The Government must provide leadership and clarity for leaseholders who are unable to sell their home and are facing huge bills to remove potentially dangerous cladding, the Mayor of Hackney has told a committee of MPs.
Hackney Council has been contacted by leaseholders living in private blocks – including NHS staff and key workers – who say they are living with “considerable stress and anxiety” as they battle the owners of the buildings, mortgage lenders and the Government.
Many of them are being asked to pay large sums of money – sometimes tens of thousands of pounds – due to their private building owners being unable to recover the costs of removing or fixing cladding from the Government.
Some are unable to remortgage, staircase or sell their flats – even though their buildings were built to regulations at the time – because mortgage lenders are unwilling to provide a mortgage on properties that do not meet the latest Government advice relating to cladding. Some mortgage companies are subsequently valuing their homes at £0, leaving leaseholders whose fixed-rate mortgages are ending lumped with high variable-rate mortgages of up to 6%.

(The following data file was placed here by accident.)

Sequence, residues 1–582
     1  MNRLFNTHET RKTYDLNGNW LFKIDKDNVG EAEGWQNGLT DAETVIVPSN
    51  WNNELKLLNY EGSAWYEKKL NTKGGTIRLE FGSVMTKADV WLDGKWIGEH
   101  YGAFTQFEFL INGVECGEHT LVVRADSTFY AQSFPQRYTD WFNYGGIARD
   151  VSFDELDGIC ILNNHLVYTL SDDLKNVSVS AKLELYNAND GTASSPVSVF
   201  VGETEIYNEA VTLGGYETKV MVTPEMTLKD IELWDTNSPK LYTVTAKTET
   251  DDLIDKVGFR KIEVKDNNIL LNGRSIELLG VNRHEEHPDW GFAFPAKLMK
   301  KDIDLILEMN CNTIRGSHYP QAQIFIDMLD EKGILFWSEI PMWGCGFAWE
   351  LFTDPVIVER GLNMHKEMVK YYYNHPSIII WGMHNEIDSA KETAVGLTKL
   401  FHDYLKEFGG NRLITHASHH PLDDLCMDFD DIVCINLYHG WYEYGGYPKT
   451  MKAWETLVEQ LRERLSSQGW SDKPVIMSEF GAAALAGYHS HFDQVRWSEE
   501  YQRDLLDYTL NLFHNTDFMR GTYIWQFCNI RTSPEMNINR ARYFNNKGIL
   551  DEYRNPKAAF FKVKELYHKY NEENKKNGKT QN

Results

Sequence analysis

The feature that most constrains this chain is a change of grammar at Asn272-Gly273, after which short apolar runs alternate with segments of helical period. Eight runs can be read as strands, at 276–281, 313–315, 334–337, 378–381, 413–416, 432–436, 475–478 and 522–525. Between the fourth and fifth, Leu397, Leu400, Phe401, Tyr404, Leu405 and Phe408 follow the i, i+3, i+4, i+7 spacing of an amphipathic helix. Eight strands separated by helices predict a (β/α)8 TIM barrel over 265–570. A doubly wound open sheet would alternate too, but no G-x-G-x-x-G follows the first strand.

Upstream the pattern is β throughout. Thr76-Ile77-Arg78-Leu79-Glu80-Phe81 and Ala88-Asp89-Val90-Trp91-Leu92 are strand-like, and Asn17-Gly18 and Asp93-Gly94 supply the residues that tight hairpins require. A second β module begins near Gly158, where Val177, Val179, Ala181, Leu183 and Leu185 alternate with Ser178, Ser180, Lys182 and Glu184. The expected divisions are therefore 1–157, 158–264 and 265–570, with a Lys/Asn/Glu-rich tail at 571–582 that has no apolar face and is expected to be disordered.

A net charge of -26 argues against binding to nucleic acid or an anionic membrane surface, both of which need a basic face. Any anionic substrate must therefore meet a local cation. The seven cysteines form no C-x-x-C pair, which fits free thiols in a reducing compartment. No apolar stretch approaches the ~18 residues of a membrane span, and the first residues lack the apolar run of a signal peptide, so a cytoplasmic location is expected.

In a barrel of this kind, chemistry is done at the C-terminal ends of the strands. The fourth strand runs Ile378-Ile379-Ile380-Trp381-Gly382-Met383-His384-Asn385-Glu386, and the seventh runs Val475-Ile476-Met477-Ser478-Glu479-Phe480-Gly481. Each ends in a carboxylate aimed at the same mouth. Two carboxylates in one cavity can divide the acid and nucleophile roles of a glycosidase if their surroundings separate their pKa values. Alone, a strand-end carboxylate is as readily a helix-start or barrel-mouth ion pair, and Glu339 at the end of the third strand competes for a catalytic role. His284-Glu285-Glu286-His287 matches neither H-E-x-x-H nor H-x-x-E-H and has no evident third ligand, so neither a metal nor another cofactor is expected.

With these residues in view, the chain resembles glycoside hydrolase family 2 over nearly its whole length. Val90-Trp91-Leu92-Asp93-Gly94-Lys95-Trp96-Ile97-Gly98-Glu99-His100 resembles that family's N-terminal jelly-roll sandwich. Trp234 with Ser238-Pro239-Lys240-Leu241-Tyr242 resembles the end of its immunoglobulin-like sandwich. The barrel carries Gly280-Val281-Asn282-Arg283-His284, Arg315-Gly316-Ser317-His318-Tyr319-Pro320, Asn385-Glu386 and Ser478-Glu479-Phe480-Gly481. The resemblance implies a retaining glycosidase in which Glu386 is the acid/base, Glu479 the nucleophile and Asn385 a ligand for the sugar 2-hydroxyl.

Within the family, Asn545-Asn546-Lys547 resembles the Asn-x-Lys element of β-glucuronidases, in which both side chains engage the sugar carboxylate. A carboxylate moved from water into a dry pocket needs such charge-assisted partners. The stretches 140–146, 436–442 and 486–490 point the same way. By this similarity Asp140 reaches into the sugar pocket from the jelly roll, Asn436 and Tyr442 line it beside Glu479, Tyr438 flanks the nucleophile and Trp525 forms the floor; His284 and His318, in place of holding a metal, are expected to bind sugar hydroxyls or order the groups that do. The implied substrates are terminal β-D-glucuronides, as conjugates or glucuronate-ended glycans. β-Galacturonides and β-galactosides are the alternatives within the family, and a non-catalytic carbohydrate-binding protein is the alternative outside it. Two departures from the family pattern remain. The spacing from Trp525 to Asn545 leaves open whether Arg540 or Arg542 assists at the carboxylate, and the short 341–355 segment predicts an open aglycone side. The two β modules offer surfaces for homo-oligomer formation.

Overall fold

The Council estimates hundreds of residents could be affected. Nearly three years after the Grenfell Tower fire, very few building owners across the country have been able to access funding from the Government’s Cladding Remediation Fund.
The issue is also affecting the Council’s own buildings, with mortgage lenders interpreting the Government’s guidance differently and requiring Council leaseholders and buyers to provide detailed evidence about the construction of their home.
The Council has contacted more than 200 building owners in the borough to ask them to provide data on the construction of their buildings at the request of the Ministry of Housing, Communities and Local Government – but in some cases, responses have been inadequate or slow.